Producción Científica Profesorado

GHG and Black Carbon Emissions Inventories from Mezquital Valley: The main energy provider for Mexico Megacity.



Gordillo Martínez, Alberto José

2015

M.M, Montelongo-Reyes, E.M, Otazo-Sánchez, C. Romo-Gomez, E. Galindo-Castillo, A.J. Gordillo-Martínez. 2015. GHG and Black Carbon Emissions Inventories from Mezquital Valley: The main energy provider for Mexico Megacity. Science of the Total Environment (Impact Factor: 4.099). Vol 527?528, 455?464. 15 September 2015. ISSN: 0048-9697. doi:10.1016/j.scitotenv.2015.03.129


Abstract


The greenhouse gases and black carbon emission inventory from IPCC key category Energy was accomplished for the Mezquital Valley, one of the most polluted regions in Mexico, as the Mexico City wastewater have been continuously used in agricultural irrigation for more than a hundred years. In addition, thermoelectric, refinery, cement and chemistry industries are concentrated in the southern part of the valley, near Mexico City. Several studies have reported air, soil, and water pollution data and its main sources for the region. Paradoxically, these sources contaminate the valley, but boosted its economic development. Nevertheless, no research has been done concerning GHG emissions, or climate change assessment. This paper reports inventories performed by the 1996 IPCC methodology for the baseline year 2005. Fuel consumption data were derived from priority sectors such as electricity generation, refineries, manufacturing & cement industries, transportation, and residential use. The total CO2 emission result was 13,894.9 Gg, which constituted three-quarters of Hidalgo statewide energy category. The principal CO2 sources were energy transformation (69%) and manufacturing (19%). Total black carbon emissions were estimated by a bottom-up method at 0.66 Gg. The principal contributor was on-road transportation (37%), followed by firewood residential consumption (26%) and cocked brick manufactures (22%). Non-CO2 gas emissions were also significant, particularly SO2 (255.9 Gg), which accounts for 80% of the whole Hidalgo State emissions. Results demonstrated the negative environmental impact on Mezquital Valley, caused by its role as a Megacity secondary fuel and electricity provider, as well as by the presence of several cement industries.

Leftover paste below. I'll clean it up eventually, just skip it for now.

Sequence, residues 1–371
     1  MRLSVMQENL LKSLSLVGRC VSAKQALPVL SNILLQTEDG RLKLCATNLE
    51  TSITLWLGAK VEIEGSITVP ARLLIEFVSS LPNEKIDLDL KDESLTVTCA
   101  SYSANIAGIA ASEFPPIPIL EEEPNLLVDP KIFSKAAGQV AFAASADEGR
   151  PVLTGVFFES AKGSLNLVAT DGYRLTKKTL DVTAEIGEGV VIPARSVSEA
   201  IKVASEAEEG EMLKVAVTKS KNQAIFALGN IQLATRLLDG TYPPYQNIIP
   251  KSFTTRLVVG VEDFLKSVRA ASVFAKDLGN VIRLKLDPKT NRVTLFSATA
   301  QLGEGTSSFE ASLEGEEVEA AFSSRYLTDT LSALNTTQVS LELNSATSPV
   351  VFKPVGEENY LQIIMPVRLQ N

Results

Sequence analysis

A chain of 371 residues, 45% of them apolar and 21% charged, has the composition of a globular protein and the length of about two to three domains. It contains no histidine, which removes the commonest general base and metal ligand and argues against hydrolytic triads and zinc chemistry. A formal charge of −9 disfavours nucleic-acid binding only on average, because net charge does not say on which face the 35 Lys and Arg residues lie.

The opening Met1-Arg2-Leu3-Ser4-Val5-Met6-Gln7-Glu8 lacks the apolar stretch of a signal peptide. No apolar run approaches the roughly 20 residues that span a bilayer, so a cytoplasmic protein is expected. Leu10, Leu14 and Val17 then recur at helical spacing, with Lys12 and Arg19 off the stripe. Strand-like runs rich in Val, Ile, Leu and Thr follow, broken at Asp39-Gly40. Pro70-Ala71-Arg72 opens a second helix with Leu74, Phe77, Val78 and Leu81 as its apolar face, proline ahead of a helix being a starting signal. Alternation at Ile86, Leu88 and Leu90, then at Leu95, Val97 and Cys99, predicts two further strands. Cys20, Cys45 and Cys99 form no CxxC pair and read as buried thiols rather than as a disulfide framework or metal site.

Producto de Investigación




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